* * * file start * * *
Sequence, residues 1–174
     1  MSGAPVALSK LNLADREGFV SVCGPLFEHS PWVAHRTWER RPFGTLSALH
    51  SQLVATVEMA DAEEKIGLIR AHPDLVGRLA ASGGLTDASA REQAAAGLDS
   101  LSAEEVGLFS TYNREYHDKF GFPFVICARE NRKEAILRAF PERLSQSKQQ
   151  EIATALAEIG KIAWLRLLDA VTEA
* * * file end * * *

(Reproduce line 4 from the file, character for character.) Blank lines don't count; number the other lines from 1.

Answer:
   101  LSAEEVGLFS TYNREYHDKF GFPFVICARE NRKEAILRAF PERLSQSKQQ